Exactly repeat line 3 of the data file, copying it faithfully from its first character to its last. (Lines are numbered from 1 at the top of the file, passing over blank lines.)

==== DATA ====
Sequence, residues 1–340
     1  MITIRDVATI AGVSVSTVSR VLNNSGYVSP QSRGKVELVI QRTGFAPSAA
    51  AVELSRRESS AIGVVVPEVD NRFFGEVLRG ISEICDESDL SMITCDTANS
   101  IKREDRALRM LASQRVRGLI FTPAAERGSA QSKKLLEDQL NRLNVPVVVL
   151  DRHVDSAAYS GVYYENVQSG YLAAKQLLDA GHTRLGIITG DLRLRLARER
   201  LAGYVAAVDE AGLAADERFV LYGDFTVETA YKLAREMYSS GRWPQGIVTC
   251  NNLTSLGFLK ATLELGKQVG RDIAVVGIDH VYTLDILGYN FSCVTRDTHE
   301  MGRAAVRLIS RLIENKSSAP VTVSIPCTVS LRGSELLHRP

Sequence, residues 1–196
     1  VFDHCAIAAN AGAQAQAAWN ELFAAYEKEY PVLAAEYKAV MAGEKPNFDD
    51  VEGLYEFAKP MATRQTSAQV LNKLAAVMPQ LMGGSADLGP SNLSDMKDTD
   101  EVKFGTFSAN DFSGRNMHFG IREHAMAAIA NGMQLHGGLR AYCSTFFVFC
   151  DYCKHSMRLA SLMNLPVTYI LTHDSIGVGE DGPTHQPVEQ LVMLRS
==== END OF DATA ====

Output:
    51  AVELSRRESS AIGVVVPEVD NRFFGEVLRG ISEICDESDL SMITCDTANS